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Re: VI wrapper for SUDO? - another bad way ??

Gerfried Fuchs writes:
>* William R Ward <bill@wards.net> [2001-12-03 00:50]:
>> Right; but assuming one takes care of this kind of issue, is there
>> anything inherently unsafe about running shell scripts through sudo?
> shell scripts usually call other programs - whose behavior could be
>most of the time changed with env-variables.  It's almost impossible to
>think of all those things.

Yes, it is difficult, but if one is conscientious enough about
checking all the environment variables and such it can be done.

>> I understand that there are risks of race conditions with setuid shell
>> scripts, and so they are disabled on most Linux boxen.
> You have a misinformation/misinterpretation there.  It's not disabled,
>it's simply not possible in the way scripts are run.  They are passed to
>the program that is given in it's first line, after the #! - or to the
>current shell, if there is no such line.  As *argument*.
> If you think about it how should the suid/sgid bit from an argument be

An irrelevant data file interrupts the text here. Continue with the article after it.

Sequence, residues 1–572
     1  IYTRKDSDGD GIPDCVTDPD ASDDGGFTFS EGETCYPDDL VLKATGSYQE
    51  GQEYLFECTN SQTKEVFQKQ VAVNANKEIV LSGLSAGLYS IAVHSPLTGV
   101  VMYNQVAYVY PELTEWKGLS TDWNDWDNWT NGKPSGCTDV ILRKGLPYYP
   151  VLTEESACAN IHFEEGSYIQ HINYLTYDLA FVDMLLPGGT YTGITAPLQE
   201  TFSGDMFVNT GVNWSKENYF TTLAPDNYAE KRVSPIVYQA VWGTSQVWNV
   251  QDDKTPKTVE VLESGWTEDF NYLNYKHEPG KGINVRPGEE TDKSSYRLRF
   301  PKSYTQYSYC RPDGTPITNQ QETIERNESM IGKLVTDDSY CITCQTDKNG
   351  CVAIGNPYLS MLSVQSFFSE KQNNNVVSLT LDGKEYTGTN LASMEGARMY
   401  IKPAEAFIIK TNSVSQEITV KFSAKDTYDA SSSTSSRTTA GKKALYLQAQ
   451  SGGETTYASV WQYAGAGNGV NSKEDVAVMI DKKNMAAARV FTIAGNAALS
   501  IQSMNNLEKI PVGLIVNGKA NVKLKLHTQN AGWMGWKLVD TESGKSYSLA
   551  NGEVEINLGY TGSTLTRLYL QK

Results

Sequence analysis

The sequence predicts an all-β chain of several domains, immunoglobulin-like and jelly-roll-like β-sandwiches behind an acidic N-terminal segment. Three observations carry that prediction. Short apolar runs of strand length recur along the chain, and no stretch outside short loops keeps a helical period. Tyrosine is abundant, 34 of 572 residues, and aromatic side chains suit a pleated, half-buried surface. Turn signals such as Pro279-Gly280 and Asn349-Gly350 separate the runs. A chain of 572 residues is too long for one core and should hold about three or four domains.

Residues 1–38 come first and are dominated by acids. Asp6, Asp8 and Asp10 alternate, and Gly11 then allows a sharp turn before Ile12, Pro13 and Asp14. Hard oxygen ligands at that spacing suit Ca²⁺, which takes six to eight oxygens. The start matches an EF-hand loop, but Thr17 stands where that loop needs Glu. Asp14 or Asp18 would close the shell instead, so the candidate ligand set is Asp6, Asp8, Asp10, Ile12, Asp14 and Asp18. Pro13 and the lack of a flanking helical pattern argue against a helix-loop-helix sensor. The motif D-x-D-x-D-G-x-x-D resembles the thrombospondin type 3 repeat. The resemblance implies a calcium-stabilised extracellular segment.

>given over to the program which handles that file?  There's no way other
>than using wrappers, like sudo.

It's been an option on traditional Unix systems for a long time.  When
kernel runs the interpreter listed on the #! line, it does so with
suid/sgid access enabled.  It's not really any more difficult than
launching binaries.  It's the kernel, not the shell, that parses the
#! line.  I'm not sure in what ways Linux may differ from traditional
Unix on this point, however.

>> Is that also an issue for sudo shell scripts?
> You should give sudo access to a shell script only to those persons who
>you trust.  After all, think about it - is root really needed there?
>Most parts don't really need root but can be done through group usages,
>like most things in Debian works.  That gives you another level of

A lot of things, like sendmail for a prominent example, may use group
accounts but still expect the files to be owned and writable only by

> Btw, why was this mailed to debian-security?  I don't see anything
>related to debian in that, some general linux (security)
>mailinglist/newsgroup would suit better.

Because the thread originated there.  The original idea was
debian-related, in that I wanted to be able to have /etc/alternatives
be consulted when deciding what editor to invoke.


William R Ward            bill@wards.net          http://www.wards.net/~bill/
     If you're not part of the solution, you're part of the precipitate.

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